Read more ...

Historic Exe Bridge traffic

Opinion  /  Transport & mobility

Streets are for people, not cars

Cars adversely affect economic output, air quality and wellbeing, take up valuable space when parked and discourage people from walking and cycling when driven. Reducing their use would enhance Exeter's retail and leisure offer, improve public health and attract needed workers to the city.

Read more ...

More stories
Photo of The Jambassadors by Gabe Riedlinger

Preview  /  Arts & culture

Jambassadors feature in pop-up Jazz Toast at Barnfield Theatre

Musical director Roz Harding invites us to join an Exeter College Music Academy student collective in a one-night-only experimental exploration of in-the-moment improvisation.

Read more ...

Exeter College students in A Midsummer Night's Dream at Barnfield Theatre

Review  /  Arts & culture

Playing with gender expectations at Barnfield Theatre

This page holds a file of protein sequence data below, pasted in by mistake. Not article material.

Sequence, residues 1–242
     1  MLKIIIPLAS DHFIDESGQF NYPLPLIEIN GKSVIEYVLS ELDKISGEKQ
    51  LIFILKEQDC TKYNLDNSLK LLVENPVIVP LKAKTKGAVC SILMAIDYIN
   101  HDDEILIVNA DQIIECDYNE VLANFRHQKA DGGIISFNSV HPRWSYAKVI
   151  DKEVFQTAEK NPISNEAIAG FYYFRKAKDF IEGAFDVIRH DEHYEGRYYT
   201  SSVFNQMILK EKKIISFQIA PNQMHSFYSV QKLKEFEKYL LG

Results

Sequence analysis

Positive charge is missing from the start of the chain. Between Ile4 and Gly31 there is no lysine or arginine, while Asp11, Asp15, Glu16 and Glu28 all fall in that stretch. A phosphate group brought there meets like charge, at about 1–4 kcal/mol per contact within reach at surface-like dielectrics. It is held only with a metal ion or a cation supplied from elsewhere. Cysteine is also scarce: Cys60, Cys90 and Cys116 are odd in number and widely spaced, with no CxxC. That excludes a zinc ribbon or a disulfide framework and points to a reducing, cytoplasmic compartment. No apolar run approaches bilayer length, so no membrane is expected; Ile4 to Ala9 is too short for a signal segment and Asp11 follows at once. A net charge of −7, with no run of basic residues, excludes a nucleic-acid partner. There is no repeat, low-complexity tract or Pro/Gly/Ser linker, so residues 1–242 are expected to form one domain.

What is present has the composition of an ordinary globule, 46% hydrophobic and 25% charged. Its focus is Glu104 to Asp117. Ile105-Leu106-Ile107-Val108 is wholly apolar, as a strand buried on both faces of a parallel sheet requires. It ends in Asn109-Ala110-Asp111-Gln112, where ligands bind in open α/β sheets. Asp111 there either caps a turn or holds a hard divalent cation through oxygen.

An Exeter College interpretation of A Midsummer Night's Dream transforms it into an enchanting contemporary gender-adapted tale.

Read more ...

Exeter City Council city centre wards map

News  /  Strategy & governance

Exeter Labour loses local elections in all three city centre wards

Voters in Exeter yesterday elected three new councillors to represent them in the key wards that cover the city centre, with all the city's ruling Exeter Labour group candidates missing out despite the party's confident campaign.

Read more ...

Jemima Moore campaigning in Exeter local elections

Profile  /  Strategy & governance

Local resident stands as independent candidate in Exeter elections

Jemima Moore is a 36 year-old part-time primary school teacher and mother of two young children with little political experience. So why has she decided to stand for election to Exeter City Council on 2 May?

Read more ...

Exeter Clifton Hill sports centre

Briefing  /  Planning & place

Clifton Hill sports centre – the background

Storm Emma met the Beast from the East and dumped a huge amount of snow on the roof of Exeter's Clifton Hill sports centre, setting off a chain reaction which has ignited two campaigns and put Exeter City Council's approaches to competence and openness into sharp focus.